2 of 2 people found the following review helpful
This review is from: Tokyo Cancelled (Paperback)
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From incestuous dwarves to pulling tapeworms of excrement from people's throats, Dasgupta's "fairytales" are frequently unsettling, and always bizarre. The premise is that 13 stranded passengers tell each other stories while waiting for their flight to Tokyo, but the passengers are just whispers, or a transparent membrane as they don't feature, at all. A paragraph or so is spent delineating each story, and then we're off to some other city, where something else unsettling happens.
There were one or two that really had a kernel of something interesting - The Doll (story 8) and The Memory Editor (story 2) - but the nihilism and joylessness still managed to creep into both, dragging them down to the same level as the other 10. 10 because, somehow, the first story actually had something a little special. It's just a story of a tailor and, again, it has no Happy Ending, but its ending is quiet, and acceptable and compared to all the others, it's almost a breath of fresh air.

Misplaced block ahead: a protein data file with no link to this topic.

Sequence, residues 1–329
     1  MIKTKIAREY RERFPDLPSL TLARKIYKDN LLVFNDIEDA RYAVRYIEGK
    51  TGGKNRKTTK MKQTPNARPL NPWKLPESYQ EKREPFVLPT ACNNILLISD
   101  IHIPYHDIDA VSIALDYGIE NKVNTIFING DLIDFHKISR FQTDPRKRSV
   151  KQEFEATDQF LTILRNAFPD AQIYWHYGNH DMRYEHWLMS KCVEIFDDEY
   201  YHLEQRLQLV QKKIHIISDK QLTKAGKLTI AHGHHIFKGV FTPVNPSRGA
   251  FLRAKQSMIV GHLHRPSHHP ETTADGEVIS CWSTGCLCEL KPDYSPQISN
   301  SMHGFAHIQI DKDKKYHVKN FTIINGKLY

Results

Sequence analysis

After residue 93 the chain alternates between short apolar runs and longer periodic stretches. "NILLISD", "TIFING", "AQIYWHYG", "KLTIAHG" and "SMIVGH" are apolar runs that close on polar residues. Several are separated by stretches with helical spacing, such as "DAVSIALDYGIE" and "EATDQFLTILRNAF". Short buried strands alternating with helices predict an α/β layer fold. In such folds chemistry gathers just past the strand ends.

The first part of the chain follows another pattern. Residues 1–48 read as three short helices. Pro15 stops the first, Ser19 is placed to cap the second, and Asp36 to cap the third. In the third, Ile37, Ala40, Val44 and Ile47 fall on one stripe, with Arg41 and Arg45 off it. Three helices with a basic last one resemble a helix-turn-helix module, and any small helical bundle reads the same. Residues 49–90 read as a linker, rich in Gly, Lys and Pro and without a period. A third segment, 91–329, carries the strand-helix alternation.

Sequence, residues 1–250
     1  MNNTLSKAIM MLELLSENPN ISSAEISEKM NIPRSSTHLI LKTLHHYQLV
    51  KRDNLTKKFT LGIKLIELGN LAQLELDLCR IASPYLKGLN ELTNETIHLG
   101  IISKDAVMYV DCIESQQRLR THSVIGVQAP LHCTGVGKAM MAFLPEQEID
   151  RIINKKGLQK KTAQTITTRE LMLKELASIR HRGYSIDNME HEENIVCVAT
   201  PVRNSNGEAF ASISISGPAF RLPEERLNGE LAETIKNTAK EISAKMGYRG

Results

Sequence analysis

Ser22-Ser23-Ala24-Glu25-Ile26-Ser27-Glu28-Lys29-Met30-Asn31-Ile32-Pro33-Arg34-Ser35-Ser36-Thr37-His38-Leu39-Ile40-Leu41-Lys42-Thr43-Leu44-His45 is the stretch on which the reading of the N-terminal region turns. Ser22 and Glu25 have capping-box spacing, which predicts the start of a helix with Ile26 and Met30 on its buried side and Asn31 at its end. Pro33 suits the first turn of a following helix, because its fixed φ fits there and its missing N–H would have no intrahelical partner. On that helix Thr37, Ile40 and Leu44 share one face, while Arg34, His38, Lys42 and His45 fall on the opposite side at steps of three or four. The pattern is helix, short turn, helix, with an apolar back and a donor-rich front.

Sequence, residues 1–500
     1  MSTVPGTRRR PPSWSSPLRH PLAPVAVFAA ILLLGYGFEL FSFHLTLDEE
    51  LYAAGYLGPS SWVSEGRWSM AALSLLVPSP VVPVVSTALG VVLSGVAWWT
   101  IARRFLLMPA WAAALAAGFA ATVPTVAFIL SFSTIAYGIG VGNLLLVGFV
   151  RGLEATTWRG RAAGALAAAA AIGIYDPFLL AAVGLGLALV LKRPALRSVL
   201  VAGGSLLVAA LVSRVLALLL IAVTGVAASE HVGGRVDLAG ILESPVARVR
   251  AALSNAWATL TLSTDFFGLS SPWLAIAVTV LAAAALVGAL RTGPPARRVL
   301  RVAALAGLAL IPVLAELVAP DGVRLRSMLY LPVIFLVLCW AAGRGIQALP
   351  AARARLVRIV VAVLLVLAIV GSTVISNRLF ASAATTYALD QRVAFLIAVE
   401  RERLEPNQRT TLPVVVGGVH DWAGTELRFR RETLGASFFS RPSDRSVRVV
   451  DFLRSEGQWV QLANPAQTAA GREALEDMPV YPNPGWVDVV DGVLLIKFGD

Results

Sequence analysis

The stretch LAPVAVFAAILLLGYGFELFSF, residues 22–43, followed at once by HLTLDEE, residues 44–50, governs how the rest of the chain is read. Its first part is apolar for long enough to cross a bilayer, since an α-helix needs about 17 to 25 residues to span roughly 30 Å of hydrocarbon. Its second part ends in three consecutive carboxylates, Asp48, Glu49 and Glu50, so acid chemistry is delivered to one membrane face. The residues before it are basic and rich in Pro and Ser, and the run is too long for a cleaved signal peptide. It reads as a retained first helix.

There's no doubt that Dasgupta can write - he clearly loves words, and he loves using them to communicate his ideas; and there's no doubt that the fantastic and imaginative are wonderful things in a world so clogged with cookie-cutter entertainment. But, somehow, you come away from reading it with the belief that there's really very little that's good in the world; like everything is grey, and dirty and hopeless.
It took me over 2 months to slog through this as I abjectly despised it for the first few weeks. Having forced myself to finish it, I can't say I'm particularly overjoyed, particularly as the best (for some reason) story is the first one - but it's impossible to read all the way through without becoming slightly fond of it. It's not something I'll ever read again, but one or two of the characters have stayed with me, and that has to mean something.